Is your digital story Hollywood material?
The 1998 romantic comedy You’ve Got Mail came at a time when we were still giddily excited about the miracle of public internet and email. The technology served as the catalyst for a new kind of love story. A year later, The Matrix famously tapped into our anxieties about what could happen if technology evolved beyond our control, depicting a dystopian future in which humans were subdued in a simulated reality created by sentient machines. Since then, the rate at which films put digital centre stage has accelerated, bringing to the screen all our newly felt hopes and fears.
Those conflicting feelings of excitement and anxiety had been captured before, most brilliantly by Stanley Kubrick in his 1968 film 2001: A Space Odyssey, but this time it was different. By the late 90s, digital technology had pretty much become the norm for people in the Western world. We all had computers, the internet and cellphones, causing us to develop a much more personal connection to the digital stories being told.
Since the turn of the millennium, our personal connection to digital technology has deepened further, and enough time has passed for amazing true stories to emerge. Stories about its potential to make dreams come true. In a world where digital applications are the backdrop to the stories of our lives and our futures, we face entirely new situations and possibilities.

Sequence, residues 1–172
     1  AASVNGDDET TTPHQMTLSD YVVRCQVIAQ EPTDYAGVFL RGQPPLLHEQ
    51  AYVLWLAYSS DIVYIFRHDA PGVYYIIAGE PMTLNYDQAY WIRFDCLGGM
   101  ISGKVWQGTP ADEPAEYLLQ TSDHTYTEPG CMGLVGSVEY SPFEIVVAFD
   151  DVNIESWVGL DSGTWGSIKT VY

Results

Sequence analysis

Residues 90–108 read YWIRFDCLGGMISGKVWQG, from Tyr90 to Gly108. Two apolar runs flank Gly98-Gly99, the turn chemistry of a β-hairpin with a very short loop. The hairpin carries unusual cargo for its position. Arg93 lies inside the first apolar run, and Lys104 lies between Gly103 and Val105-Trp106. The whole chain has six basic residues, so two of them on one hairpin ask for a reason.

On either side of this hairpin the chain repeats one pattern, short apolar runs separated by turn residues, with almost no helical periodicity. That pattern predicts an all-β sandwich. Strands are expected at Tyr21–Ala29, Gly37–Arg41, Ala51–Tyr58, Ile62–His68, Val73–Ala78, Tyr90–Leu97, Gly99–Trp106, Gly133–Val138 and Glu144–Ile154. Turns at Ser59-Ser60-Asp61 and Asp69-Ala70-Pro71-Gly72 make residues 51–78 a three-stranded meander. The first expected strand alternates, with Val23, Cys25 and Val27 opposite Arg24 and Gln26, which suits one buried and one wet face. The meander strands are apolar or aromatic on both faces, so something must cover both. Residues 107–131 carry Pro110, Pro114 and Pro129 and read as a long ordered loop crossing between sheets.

This year at Toronto International Film Festival, we’ll catch a glimpse of this new reality in the true story Lion. Lost at the age of five, Saroo (played by Dev Patel) dreams of reuniting with his long lost family. Using Google Earth and the scantest of clues, he sets out on a journey to reunite with his past.
Lion is a feel-good tale that taps into the hope we have for a brighter future; the belief in the human spirit to overcome difficult odds. This particular tale gives our digital future a positive outlook, and is exactly the sort of story that can inspire younger generations.
I look forward to seeing the full spectrum of wonderful, weird, and dark films in the coming years as filmmakers get to grips with telling and fictionalizing our digital stories.
Catch the world premiere of Lion on September 10 as part of Our Digital Future presented by SAP at Toronto International Film Festival.